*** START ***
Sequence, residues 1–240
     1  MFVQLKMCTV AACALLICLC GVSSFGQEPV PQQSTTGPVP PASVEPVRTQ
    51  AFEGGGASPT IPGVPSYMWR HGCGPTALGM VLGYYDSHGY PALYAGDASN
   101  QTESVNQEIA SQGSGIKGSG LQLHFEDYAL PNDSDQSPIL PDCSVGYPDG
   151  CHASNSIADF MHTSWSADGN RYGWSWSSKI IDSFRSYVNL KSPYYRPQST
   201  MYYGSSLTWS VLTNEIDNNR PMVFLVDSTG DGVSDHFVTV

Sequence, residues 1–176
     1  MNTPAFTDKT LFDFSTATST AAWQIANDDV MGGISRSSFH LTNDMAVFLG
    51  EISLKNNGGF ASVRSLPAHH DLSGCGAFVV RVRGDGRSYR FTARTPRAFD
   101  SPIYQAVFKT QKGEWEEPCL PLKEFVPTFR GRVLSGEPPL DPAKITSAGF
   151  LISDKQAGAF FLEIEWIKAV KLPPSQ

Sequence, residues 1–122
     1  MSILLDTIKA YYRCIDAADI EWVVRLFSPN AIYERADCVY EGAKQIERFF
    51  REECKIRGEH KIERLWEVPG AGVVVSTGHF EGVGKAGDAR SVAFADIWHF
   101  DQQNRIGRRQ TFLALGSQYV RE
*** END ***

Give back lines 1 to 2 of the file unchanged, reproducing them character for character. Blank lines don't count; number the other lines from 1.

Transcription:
Sequence, residues 1–240
     1  MFVQLKMCTV AACALLICLC GVSSFGQEPV PQQSTTGPVP PASVEPVRTQ